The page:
'ASCs have to be nimble': How ASCs can face potential financial losses

Amid the COVID-19 pandemic-spurred economic downturn, many ASCS are looking to the 2008 recession as a blueprint for rebounding and growing.

ASC leaders face 9.1 percent inflation, a 21-year high, Medicare reimbursement cuts and higher overhead costs and staff wages. Some ASC leaders say government stimulus checks and a prioritization of big hospitals has hurt ASCs' long-term ability to thrive. 

"The artificial flow of government stimulus and its preferential flow to the big hospitals is a situation that was nonexistent in 2008 but has created real challenges this time around," Sukdeb Datta, medical director of Datta Endoscopic Back Surgery & Pain Center in New York City, told Becker's. "To get out of this situation, ASCs have to be nimble and maybe move to a different reimbursement model."

As a strategy to stand out and drive revenue, many ASC leaders are looking to switch to a value-based care model as payers migrate to bundled payments for their lower costs and better patient outcomes. 

"The payers are now interested in discussing bundles on some of the higher spends that can be done in the outpatient setting," Jeffrey Flynn, administrator and COO of New York City-based Gramercy Surgery Center, told Becker's. "With the bigger push to move procedures out of the hospital, many of us are in discussions for bundled payments with a boost in the reimbursement to bring it to a more cost-efficient setting."

ASC leaders are also looking to avenues such as private equity and physician investment to maintain profitability amid rising margins. And while much of the economic outlook is grim, some ASC leaders are optimistic about where the ASC industry is headed.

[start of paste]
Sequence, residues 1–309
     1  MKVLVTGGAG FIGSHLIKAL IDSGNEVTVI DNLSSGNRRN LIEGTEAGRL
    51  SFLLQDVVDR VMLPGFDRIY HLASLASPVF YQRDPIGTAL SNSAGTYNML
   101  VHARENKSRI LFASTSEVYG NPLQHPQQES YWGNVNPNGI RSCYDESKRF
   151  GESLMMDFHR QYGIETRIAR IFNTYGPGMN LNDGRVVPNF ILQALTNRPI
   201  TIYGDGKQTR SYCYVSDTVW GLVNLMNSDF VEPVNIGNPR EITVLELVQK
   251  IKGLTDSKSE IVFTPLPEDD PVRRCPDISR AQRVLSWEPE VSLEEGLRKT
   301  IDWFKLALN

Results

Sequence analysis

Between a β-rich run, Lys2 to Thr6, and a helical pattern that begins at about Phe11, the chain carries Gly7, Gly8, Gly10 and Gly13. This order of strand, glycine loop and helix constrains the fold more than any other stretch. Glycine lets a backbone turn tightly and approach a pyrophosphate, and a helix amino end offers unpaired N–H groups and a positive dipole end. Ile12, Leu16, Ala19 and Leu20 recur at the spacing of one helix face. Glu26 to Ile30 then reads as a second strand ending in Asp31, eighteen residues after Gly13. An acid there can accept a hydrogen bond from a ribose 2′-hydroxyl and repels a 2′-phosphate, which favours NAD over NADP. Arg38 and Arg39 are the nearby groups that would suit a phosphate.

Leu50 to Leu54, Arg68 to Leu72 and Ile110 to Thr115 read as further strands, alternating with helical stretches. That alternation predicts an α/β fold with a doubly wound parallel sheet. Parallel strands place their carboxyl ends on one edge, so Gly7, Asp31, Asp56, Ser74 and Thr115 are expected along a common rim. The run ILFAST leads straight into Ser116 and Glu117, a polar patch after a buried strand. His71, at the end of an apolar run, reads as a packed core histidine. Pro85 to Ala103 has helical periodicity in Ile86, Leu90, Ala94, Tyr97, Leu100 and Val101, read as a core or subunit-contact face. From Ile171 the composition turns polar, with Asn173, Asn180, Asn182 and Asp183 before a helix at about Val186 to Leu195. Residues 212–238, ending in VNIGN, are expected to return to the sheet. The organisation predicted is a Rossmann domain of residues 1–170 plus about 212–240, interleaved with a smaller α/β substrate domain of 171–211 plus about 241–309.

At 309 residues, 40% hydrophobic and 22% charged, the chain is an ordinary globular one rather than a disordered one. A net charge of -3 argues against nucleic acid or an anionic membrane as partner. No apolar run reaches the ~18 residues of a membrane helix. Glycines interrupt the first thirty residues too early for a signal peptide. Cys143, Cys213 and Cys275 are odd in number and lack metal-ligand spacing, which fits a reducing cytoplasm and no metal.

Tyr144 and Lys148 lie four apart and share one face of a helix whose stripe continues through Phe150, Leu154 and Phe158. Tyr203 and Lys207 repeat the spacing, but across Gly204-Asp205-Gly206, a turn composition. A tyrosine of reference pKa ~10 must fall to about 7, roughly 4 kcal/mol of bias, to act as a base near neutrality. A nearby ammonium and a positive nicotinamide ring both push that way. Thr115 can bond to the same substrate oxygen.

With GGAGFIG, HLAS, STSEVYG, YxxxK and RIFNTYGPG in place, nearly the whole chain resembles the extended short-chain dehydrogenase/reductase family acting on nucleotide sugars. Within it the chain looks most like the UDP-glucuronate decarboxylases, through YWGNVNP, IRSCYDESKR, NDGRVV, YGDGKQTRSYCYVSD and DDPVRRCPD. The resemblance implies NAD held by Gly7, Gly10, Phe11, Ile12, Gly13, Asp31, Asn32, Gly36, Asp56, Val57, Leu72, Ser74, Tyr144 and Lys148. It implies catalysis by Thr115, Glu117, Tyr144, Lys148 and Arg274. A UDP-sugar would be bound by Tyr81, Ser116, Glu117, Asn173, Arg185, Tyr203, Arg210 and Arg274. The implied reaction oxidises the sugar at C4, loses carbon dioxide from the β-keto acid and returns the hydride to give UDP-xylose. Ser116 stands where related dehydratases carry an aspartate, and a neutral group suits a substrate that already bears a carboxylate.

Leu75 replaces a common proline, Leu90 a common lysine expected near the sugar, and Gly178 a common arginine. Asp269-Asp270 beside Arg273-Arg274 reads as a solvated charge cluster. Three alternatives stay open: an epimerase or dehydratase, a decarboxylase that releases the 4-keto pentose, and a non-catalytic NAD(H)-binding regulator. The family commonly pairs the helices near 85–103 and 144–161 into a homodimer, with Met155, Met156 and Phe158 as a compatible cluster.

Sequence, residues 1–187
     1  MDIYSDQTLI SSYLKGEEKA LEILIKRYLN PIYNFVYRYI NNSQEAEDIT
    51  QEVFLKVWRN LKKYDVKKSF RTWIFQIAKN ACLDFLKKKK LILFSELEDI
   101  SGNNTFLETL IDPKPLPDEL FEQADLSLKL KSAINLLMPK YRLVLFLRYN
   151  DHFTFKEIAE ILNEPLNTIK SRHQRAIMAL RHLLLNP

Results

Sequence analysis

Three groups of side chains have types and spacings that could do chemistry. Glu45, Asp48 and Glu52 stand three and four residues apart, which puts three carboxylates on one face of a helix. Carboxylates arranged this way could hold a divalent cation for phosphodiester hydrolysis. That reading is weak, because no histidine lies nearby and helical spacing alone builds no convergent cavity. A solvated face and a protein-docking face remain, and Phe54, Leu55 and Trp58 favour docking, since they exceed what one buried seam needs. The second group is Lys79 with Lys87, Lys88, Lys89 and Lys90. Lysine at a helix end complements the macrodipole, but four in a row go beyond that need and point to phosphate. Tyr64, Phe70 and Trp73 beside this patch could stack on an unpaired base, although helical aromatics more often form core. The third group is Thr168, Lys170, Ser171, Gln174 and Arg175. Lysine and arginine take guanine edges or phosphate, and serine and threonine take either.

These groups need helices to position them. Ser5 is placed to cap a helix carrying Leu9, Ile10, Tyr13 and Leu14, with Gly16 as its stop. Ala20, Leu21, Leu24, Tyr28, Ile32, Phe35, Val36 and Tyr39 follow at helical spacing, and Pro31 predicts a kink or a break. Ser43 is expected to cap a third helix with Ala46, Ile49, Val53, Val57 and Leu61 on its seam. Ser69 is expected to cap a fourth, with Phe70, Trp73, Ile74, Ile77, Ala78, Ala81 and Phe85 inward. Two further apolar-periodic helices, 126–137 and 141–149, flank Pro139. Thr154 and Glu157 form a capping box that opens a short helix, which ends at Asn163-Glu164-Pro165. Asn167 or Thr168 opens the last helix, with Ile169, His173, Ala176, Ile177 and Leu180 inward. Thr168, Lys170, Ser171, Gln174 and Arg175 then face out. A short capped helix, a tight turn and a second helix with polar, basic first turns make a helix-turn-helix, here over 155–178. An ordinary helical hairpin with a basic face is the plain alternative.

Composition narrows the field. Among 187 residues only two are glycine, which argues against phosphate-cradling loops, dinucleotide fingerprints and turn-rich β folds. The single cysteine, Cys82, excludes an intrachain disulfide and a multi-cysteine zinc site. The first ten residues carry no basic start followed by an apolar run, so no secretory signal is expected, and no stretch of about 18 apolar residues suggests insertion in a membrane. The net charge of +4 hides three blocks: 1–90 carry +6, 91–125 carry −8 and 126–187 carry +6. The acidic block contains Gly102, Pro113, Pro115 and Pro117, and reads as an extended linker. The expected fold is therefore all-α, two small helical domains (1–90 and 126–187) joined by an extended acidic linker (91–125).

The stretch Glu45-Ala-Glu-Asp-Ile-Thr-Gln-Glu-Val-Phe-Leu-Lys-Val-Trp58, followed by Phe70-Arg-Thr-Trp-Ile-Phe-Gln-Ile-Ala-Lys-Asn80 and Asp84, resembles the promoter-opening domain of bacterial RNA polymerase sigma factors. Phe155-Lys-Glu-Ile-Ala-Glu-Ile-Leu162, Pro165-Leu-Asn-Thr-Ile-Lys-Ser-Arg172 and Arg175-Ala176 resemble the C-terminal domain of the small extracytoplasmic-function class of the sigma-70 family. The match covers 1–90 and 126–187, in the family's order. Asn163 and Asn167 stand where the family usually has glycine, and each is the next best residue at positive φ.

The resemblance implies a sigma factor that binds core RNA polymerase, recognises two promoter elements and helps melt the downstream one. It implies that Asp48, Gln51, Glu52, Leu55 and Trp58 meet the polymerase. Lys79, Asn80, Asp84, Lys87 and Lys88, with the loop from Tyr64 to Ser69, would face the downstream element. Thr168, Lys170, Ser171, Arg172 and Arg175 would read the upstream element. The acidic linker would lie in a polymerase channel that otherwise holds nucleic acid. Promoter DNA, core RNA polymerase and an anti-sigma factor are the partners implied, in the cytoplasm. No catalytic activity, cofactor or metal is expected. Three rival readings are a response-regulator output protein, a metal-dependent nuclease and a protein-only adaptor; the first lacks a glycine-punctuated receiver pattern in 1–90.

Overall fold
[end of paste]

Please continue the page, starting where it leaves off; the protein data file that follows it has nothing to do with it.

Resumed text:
"As ASC managers adopt [banking, retail and other] technologies, we anticipate another great era," Greg Horner, MD, managing partner at HealthPoint Ambulatory Surgery Co. in Pleasanton, Calif., told Becker's. "It is my hope that the ASC industry, the payers and we in the investment community help thoe who need it the most share in the next heydays of quality and efficiency from ASCs."

Independent ASCs, in particular, could come out on top, some ASC leaders said. Independently owned centers can offer surgeons a greater opportunity for ownership, and physicians often do not incur management or purchasing fees, provided the center has a strong and experienced management team.

"The current impending recession, however, is partially characterized by a major surge in real estate prices, even though Americans have much less buying power," Alejandro Badia, MD, founder and chief medical officer at OrthoNow Immediate Orthopaedic Care in Doral, Fla., told Becker's. "However, strangely, the demand seems to remain, and if supply can increase, despite the huge increase in supply chain and construction costs, then we will have many more ASCs in the market to provide care. I believe this is a testament to the great advantages afforded by independent ASCs. The future is perhaps even brighter now."



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